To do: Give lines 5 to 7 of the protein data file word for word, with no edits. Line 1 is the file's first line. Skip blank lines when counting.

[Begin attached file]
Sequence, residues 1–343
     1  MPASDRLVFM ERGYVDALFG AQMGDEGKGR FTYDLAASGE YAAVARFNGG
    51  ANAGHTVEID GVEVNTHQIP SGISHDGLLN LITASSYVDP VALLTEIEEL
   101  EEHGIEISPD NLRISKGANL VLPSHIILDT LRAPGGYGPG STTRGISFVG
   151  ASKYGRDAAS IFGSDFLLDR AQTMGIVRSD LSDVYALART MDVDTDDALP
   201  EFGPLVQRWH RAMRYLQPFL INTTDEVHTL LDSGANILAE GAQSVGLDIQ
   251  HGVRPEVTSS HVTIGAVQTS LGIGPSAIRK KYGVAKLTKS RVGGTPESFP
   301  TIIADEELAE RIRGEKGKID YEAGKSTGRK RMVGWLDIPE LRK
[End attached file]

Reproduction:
   151  ASKYGRDAAS IFGSDFLLDR AQTMGIVRSD LSDVYALART MDVDTDDALP
   201  EFGPLVQRWH RAMRYLQPFL INTTDEVHTL LDSGANILAE GAQSVGLDIQ
   251  HGVRPEVTSS HVTIGAVQTS LGIGPSAIRK KYGVAKLTKS RVGGTPESFP